This week (August 16 – 23) is National Coin Week. And it is a good time to remind travelers to keep track of all their loose change at the airport security checkpoints.
Passengers going through airport checkpoints are told to put all their carry-on items on the belt going through the x-ray machine and to empty their pockets as well.
You’ve seen it. And perhaps you do it. But many passengers dump the contents of their pockets directly into a plastic bin. And in the rush to reassemble their belongings and move along, a lot of people leave loose change – and cash – in the bins.
The money left behind adds up.
In a report filed by the Department of Homeland Security for Fiscal Year 2020 (the most recent report we can find), the Transportation Security Administration (TSA) collected $517,978.74 in unclaimed money from airports around the county.
More than $19,000 of the funds was in foreign currency. And more than $37,000 of the funds were collected at airport checkpoints in Las Vegas.
TSA is allowed to keep the unclaimed funds left behind at checkpoints. And the agency can spend it as it wishes “to provide civil aviation security.” In FY 2020, for example, most of the funds TSA had in the kitty were used to purchase “masks, gloves, plexiglass shields, and other protection measures for travelers and TSA’s frontline workers,” according to the report.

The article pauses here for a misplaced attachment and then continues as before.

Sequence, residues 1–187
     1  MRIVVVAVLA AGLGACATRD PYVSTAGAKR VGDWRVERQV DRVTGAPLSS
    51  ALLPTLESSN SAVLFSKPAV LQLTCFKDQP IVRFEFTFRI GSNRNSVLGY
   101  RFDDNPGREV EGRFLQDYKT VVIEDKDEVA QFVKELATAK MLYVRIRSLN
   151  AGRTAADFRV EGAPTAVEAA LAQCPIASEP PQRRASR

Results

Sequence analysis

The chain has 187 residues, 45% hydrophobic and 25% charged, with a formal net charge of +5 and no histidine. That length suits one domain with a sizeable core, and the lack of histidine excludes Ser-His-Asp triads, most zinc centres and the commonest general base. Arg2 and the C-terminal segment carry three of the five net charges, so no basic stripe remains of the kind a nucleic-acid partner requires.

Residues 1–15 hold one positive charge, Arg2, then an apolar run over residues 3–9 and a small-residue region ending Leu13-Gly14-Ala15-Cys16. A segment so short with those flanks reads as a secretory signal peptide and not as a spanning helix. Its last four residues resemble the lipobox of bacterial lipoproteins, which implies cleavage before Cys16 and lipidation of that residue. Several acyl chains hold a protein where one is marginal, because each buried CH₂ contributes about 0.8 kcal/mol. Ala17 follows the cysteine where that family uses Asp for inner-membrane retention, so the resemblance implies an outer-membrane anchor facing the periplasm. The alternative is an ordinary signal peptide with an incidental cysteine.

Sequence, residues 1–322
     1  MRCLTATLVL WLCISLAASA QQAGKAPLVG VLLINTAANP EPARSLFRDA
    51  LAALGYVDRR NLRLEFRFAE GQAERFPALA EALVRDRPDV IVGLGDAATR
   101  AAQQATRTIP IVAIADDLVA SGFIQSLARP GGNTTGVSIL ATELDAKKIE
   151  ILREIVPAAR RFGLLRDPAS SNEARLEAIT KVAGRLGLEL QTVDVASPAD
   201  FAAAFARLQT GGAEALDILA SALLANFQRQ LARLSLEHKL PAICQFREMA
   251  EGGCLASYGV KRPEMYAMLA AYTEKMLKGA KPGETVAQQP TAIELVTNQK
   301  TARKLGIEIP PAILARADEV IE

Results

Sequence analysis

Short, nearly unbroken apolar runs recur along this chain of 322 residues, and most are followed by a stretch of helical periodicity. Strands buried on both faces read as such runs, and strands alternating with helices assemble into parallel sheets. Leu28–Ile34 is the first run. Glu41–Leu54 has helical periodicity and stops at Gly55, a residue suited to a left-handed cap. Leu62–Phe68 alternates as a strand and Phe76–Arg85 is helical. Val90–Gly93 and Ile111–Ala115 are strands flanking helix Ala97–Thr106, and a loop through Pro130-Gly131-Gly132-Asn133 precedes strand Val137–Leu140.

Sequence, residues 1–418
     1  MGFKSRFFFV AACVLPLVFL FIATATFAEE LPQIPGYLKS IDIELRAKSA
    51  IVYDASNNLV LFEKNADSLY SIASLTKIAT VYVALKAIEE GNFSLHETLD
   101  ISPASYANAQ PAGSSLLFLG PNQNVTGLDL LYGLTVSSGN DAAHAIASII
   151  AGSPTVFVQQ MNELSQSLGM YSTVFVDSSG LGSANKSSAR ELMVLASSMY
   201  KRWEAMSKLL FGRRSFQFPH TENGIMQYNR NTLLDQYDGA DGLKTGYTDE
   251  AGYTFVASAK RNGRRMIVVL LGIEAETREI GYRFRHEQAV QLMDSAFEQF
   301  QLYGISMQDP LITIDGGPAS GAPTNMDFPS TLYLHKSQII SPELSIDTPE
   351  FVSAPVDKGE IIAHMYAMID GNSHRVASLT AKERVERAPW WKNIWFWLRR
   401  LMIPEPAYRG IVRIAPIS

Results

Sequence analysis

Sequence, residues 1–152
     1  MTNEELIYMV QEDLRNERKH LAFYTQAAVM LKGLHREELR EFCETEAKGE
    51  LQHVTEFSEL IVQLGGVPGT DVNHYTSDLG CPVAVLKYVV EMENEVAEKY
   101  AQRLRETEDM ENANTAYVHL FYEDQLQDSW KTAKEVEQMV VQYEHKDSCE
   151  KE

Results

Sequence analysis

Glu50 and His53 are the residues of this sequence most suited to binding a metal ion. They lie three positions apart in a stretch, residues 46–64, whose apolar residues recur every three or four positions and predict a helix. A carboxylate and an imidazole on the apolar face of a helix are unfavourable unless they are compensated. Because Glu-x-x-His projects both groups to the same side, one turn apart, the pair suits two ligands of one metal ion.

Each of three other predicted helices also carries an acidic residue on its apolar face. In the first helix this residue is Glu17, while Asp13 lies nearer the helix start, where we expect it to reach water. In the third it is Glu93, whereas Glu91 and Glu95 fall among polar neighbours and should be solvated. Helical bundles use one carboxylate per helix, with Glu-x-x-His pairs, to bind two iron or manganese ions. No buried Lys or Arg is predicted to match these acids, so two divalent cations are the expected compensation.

Don’t Want TSA To Get Your Loose Change?
We expect a new report to be issued shortly on how much cash and currency travelers have been leaving behind at airport checkpoints. And we won’t be surprised if the numbers tick up because so many travelers are still working on relearning their travel skills.
But it’s pretty easy to avoid adding your cash to the TSA coffers.
Before you leave home, empty the loose change from your pockets into a small bag, or even an envelope, that you can slip into one of the larger bags you’ll be sending the x-ray machine. Or put that change into a zippered pocket in your coat or carry-on before you get to the checkpoint. Do the same with your wallet, so you decrease the chance of leaving way more than loose change behind, and you won’t tempt someone else to steal it.